The most common vehicles used are light four-wheel drive trucks and utilities. A team may consist of three persons, the driver and the shooter and the spotter. The shooter and spotter stand side by side behind the cab, holding onto a bar at the front of the tray or on top of the cab, which allows them a good 360 degree view. The spotter sweeps the surrounding countryside with a powerful hand-held lamp with a tightly focused beam.
Spotlighting can be conducted by two persons where the driver operates the spotlight or alone where the driver spotlights using a remote mounted spotlight or automotive lighting and shoots from the driver's seat of the vehicle.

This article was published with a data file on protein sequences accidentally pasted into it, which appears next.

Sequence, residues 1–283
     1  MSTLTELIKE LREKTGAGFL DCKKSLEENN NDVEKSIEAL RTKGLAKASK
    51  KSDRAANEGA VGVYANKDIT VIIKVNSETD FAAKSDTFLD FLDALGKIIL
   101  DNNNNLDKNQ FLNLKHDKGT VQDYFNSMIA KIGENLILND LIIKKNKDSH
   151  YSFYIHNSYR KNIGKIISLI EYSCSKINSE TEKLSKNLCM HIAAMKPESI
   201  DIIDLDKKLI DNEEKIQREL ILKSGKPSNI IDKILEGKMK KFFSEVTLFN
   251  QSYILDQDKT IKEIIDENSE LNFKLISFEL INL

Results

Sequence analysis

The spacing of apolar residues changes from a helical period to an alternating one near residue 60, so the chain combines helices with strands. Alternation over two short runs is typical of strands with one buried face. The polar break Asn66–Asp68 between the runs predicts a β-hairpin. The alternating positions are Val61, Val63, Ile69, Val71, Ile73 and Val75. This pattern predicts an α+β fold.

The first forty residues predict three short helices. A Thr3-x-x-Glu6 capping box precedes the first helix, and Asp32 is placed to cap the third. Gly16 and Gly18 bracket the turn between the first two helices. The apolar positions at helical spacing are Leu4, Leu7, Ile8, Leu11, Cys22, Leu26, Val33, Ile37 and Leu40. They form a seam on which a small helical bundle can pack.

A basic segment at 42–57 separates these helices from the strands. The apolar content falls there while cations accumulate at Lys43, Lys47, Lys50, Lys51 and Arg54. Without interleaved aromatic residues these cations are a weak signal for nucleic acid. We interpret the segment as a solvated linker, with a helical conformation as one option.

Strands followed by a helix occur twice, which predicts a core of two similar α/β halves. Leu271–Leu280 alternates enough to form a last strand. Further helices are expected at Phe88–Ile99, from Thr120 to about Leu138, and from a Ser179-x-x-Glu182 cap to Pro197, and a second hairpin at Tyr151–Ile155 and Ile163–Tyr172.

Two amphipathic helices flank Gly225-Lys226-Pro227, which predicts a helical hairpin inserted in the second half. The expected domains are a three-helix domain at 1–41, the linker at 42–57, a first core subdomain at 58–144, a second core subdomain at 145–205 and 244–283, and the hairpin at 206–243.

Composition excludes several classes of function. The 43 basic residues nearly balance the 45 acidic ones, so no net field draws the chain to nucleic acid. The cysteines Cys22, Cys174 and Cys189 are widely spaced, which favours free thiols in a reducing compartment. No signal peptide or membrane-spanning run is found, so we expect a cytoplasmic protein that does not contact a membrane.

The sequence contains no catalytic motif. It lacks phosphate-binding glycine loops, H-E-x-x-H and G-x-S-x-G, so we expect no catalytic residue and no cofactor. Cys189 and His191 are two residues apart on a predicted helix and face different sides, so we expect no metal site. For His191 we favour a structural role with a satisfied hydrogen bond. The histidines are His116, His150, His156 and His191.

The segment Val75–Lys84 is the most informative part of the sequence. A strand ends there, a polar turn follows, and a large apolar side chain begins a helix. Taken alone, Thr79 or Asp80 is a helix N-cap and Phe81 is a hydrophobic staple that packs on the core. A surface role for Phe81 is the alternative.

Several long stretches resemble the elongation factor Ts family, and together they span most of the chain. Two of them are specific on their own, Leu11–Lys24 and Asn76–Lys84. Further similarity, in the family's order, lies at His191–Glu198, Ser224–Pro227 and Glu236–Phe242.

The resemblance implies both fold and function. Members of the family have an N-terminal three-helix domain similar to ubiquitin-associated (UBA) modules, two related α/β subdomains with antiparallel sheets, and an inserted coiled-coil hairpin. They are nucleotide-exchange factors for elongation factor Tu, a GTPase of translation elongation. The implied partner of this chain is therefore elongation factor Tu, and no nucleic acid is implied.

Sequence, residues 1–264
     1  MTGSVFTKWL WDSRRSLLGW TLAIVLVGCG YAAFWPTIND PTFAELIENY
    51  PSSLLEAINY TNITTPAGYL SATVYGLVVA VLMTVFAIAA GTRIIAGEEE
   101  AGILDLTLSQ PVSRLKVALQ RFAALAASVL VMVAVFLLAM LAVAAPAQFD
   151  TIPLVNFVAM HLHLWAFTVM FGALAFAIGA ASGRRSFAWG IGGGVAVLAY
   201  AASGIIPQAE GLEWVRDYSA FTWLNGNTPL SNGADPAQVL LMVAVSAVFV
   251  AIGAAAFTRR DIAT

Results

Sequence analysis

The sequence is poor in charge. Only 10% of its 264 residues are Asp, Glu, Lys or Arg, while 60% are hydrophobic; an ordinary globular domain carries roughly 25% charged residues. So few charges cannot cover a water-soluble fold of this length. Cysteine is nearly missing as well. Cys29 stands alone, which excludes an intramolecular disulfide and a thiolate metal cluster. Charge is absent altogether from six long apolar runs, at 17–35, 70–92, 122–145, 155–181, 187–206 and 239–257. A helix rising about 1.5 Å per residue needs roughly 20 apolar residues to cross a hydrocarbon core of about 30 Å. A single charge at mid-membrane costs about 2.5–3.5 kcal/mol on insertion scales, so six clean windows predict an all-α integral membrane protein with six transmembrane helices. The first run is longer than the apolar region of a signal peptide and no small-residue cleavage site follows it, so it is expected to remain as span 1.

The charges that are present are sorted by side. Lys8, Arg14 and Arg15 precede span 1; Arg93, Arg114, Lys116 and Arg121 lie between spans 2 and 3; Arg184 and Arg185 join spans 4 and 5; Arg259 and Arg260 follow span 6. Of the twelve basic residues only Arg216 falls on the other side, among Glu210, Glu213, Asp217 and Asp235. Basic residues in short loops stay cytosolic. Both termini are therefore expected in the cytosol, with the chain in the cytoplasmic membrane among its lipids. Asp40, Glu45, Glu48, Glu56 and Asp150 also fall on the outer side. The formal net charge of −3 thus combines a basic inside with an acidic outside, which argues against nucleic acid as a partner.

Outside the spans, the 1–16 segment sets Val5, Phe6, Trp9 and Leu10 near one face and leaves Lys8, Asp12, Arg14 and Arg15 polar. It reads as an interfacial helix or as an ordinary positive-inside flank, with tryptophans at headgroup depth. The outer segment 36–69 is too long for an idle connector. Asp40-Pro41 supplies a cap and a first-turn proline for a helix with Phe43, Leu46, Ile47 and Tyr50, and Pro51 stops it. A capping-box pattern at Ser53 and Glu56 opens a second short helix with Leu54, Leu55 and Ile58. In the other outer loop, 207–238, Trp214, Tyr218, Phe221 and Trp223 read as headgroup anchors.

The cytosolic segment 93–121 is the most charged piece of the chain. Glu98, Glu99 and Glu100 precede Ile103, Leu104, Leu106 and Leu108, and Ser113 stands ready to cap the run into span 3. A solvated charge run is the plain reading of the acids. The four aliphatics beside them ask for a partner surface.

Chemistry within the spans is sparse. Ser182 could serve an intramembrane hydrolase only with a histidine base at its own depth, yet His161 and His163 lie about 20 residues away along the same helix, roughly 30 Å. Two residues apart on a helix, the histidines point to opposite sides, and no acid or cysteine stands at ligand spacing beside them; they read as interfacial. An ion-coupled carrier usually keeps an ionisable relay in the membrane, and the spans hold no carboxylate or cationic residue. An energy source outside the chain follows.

Experienced spotlighters can recognize different animals by the spacing and size of their eyes and the color of their eye shine. For example, eye shine is reddish in foxes and bluish in sheep; like sheep, horses and cattle have bluish eye shine but their eyes are wider spaced and larger.
The spotting and shooting often take place from the moving vehicle. Experienced drivers on familiar territory (such as farmers in their own paddocks) may turn off the vehicle headlights to minimize the distractions.
Spotlighting may also be used as a method of surveying nocturnal fauna. Repeated, frequent spotlighting may have a detrimental effect on animals and is discouraged.
Spotlighting is illegal in many states and provinces of North America.